The City of Minneapolis has passed a resolution that will begin the process of documenting the city's racist history and addressing the city's ongoing inequities among residents who are Black and Indigenous.
The resolution, which City Council Vice President Andrea Jenkins introduced on Wednesday and the City Council passed on Friday, describes some of the city's racist past – from lynchings, redlining and forcing people out of their homes to build the city and a freeway – and current inequities among Black and Native Americans, which are among the worst in the country.
The resolution also establishes a working group that will explore the creation of what's called a truth and reconciliation process.
“Defining a more just future requires an honest and thorough understanding of our past, and that’s the process we’re undertaking,” Mayor Jacob Frey said in a statement Friday. “By refusing to ignore an often painful history, we commit ourselves to creating that future. I commend Council Vice President Jenkins for her leadership in carrying this important work forward.”
Truth and reconciliation processes have happened all over the world, including in South Africa after the Apartheid and in Sierra Leone after its 11-year civil war, as a way to acknowledge what happened and start to move past systemic injustices.
Advocates in the U.S. have also called for a national truth and reconciliation commission following the killing of George Floyd by Minneapolis police, Politico reported.
“We are in some very difficult and challenging times in our city and our nation,” Jenkins said in a statement Friday. “We must tell the truth and then begin to address that truth.”
With the passing of this resolution, Minneapolis is now among the first major U.S. cities to being this process, the Minnesota Reformer said.
The goal of this is to start implementing solutions to specific harms that created and perpetuate racial disparities, focusing on healing with historical Black American descendants of slavery and Native American/Indigenous communities.
A working group, which will be led by the city's Division of Race and Equity, will lead the effort to explore the formation of a truth and reconciliation process and recommend an approach for establishing the framework for a commission, which is due to the Minneapolis City Council's Policy and Government Oversight Committee in January 2021.
The working group is tasked with researching different models of truth and reconciliation commissions and work to understand the impact the process could have on the city and the people who live there.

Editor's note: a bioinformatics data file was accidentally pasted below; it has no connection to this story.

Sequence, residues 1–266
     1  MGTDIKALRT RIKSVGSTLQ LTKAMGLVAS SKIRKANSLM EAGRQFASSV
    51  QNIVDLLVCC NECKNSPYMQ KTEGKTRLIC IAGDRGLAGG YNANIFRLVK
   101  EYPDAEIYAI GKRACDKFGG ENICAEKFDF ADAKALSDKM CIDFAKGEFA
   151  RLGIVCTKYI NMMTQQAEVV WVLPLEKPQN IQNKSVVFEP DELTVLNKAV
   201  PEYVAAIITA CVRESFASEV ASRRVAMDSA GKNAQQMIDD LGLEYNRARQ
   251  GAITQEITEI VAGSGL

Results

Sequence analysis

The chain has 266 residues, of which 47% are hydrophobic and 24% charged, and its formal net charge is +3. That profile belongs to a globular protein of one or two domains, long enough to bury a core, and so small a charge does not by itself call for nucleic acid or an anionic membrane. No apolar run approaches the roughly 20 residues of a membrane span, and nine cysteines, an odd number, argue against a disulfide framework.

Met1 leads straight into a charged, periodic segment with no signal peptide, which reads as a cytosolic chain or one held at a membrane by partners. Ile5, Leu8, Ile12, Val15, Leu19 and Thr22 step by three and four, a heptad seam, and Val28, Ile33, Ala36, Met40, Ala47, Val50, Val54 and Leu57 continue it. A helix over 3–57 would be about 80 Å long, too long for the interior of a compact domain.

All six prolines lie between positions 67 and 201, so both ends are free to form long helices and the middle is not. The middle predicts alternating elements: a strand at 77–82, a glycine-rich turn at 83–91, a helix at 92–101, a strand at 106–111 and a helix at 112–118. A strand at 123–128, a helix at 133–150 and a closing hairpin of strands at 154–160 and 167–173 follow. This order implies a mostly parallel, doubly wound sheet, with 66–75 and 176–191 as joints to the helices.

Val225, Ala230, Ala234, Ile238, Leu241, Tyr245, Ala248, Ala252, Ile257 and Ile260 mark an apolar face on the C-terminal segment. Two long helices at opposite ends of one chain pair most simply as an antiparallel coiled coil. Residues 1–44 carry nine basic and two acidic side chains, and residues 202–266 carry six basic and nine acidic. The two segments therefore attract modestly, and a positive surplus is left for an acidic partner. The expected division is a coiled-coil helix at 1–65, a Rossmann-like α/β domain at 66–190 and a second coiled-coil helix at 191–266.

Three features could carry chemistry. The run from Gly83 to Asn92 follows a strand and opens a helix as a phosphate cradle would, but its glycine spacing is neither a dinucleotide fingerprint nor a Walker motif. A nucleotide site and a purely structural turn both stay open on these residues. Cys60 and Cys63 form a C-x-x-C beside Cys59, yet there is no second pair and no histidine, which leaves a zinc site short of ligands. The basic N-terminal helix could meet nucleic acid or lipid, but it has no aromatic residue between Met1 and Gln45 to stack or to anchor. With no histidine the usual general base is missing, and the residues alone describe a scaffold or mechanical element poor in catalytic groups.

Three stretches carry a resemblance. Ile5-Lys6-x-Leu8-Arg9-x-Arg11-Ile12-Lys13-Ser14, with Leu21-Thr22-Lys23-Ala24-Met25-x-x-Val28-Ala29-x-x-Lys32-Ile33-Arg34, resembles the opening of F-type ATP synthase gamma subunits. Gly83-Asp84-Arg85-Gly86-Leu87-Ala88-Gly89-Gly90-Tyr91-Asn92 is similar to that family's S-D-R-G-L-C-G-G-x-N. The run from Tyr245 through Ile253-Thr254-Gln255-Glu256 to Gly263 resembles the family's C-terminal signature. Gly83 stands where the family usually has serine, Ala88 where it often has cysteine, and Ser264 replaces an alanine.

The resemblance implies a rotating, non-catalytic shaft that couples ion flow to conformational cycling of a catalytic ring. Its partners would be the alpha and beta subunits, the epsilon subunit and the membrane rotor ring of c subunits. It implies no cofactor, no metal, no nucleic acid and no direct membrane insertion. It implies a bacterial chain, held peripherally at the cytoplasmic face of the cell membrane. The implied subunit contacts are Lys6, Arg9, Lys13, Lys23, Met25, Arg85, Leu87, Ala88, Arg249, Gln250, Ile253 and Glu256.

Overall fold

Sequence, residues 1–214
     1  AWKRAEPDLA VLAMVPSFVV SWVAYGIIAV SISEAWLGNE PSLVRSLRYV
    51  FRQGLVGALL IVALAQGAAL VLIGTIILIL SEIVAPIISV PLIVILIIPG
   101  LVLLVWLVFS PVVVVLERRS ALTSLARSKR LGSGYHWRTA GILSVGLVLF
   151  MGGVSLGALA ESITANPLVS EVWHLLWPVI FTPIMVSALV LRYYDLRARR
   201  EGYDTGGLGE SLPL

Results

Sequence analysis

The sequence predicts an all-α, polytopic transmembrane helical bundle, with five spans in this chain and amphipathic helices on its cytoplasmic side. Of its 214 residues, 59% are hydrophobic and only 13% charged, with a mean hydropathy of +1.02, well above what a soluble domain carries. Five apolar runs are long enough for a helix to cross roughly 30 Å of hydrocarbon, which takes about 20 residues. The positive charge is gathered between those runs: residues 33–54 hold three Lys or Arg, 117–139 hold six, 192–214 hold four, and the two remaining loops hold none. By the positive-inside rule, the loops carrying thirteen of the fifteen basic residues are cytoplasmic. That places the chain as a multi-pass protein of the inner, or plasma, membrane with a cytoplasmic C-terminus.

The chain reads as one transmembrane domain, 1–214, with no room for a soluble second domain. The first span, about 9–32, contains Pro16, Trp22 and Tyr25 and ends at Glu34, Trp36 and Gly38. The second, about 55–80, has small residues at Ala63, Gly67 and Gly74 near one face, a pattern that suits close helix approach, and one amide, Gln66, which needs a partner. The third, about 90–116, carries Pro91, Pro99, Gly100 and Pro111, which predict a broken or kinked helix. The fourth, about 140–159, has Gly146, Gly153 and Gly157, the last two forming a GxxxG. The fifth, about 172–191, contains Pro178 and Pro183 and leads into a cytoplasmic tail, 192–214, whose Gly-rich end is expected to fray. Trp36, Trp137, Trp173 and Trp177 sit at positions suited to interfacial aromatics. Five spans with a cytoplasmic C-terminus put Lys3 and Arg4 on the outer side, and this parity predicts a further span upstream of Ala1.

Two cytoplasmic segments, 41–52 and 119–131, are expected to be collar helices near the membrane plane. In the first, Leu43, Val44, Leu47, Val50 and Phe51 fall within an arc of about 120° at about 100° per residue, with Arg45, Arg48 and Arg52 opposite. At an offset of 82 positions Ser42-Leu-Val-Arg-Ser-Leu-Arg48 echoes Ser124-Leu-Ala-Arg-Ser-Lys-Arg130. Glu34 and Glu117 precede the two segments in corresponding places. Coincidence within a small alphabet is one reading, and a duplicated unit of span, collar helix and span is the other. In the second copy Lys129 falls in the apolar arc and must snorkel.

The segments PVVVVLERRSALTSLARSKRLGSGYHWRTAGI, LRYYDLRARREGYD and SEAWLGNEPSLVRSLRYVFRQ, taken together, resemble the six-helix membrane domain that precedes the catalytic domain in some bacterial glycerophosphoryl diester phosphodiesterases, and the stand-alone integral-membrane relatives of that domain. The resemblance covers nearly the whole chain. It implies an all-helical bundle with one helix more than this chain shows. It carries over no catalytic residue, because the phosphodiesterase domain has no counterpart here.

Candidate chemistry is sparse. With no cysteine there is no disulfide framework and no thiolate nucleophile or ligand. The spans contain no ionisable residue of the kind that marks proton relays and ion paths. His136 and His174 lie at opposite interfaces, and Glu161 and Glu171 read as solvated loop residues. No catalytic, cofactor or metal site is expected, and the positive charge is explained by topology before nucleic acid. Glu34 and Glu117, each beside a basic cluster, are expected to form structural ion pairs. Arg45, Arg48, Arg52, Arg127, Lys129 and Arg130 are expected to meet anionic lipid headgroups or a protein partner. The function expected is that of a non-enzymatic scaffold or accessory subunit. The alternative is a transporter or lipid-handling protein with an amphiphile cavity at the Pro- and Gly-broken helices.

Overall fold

The working group will consult with local and national experts in this process, community leaders and people skilled in conflict resolution.
This resolution is the latest action from the Minneapolis City Council after it passed a resolution in July declaring racism a public health emergency in the city. With that resolution, the city committed to action steps to dedicate more resources to racial equity work.
Minneapolis' racist history
The resolution lists several wrongs that have been committed against Black and Native Americans in Minneapolis and Minnesota's history, which contributed to the wide disparities the communities experience today in terms of income, homeownership, incarceration rates, homelessness and education.
Among the things the City of Minneapolis recognizes in its resolution:
- Indigenous nations have lived on this land since time immemorial and the land itself carries historical trauma – Dakota people were forced from their land for the building of Minneapolis, and only started returning to their native land when they were forced off their reservations in the 1950s.
- The largest single-day mass execution in U.S. history happened in Minnesota, when 38 Dakota men were hanged in Mankato on Dec. 26, 1862, meanwhile the Minnesota territory's first governor, Alexander Ramsey, declared Dakota people “must be exterminated or driven forever beyond the borders of the State.”
- The City destroyed a vibrant Black neighborhood to build Interstate 35, while African Americans who tried to buy property were redlined, destroying their communities and those who lived outside of the redlined areas were terrorized by white residents.
- "Racism against African Americans and American Indians" includes "historical, individual, internalized, interpersonal, institutional, systemic and structural" which continues to this day and has transformed "to ensure the concentration of material, power and resources in the hands of white-bodied individuals"
- Black and Native Americans are overrepresented in prisons and among the homeless population, and are three times more likely to live below the poverty line than white families.